The Invoice

Sun streams down barely warm in the glacial sky. In hope, washing is pegged to line. The woodpile is low so coal chugs on a damped down fire: enough to keep out ice, not quite enough for comfort. Dog lies on the sofa, watches everything from one bored eye. Cat drifts in, to sleep in a corner. Outside the wind is sharp, light, quiet. The printer's invoice arrives, and is paid. Dog is right, it is time to go to the woods and wander off the path. It cold, I think, as I first leave the house steps, but I do have gloves, two pairs of socks, a sense of adventure.

Wake Up Laughing

Could not help but be amused on receiving this email today: '100% Genuine Reviews. What was great? What wasn't so great? What really stood out? Our genuine guest reviews help fellow travellers choose the right hotel - and your expert opinion counts! So go free...'
I bought a new diary but, being tired, unfairly pick fault with the year planner layout. It was picked from a small selection of leftovers held behind the counter of the stationers in a cardboard box. I tell the assistant about the hotel burglary, but I don't much care for spreading bad news. A handbag, a diary, a notebook, even the handmade for Mum key ring, they are but things. This new diary with which I have yet to bond was the cheapest nearest thing to what I wanted, and it will do perfectly well after the restoration of sleep.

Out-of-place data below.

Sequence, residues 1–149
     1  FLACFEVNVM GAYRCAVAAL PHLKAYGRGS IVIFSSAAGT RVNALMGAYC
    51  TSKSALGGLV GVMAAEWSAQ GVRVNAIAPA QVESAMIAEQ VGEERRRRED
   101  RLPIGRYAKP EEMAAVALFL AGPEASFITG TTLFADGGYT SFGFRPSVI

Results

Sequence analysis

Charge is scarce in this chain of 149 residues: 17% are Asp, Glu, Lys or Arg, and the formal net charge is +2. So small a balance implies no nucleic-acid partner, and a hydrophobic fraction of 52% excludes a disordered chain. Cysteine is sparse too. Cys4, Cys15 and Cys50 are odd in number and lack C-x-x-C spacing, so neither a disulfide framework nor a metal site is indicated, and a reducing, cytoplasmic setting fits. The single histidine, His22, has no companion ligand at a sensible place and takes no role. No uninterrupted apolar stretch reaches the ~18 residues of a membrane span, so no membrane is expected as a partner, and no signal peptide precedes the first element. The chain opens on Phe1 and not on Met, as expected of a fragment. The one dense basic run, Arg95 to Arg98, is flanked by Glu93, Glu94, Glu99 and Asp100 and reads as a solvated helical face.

I will dream of the delight of the hotel management when they view my genuine guest expert opinion on the Late Rooms site.


Yesterday was unusual in that it was the first day this year I didn't post a blog entry, plus a few other things. Today I was very tired, and as I recount backwards, it will be shown to be unsurprising. Today I wore a yellow shirt, signifying the role of Welfare Officer at a TAGB tournament. Should a child or vulnerable adult be in need of assistance, for reasons of paperwork errors or emotional meltdowns or the physical shock of being hit by a determined opponent or a mysterious case of lost sparring equipment, then the Welfare Officer steps in. The resilience of the children was impressive. It speaks well of the standard of training. Most of my conversations went like this: 'Did you get hit?' 'Yes.' (Wipes tears from cheek.) 'I'm okay though.' Outside it is snowing. The car park was slithering with eager competitors as we arrived. The breakfast; digesting noisily in my stomach; was free, and the cost of my hotel room had been refunded. I had to untie my d…

Three Tiny Harmonies

The last of the haiku challenge set by Suze. The three themes are: quench the real loam (which make an oddly pleasant sentence.)
This day has sped and the next two are fully booked, so these haiku, though neatly written in order of topic, are rushed out and my return visits to participants will be late, for which I apologise. This morning I took off early and fast for a hospital appointment (some faulty toes, uncomfortable not life threatening) and left my coffee at home. So this first effort is from the heart: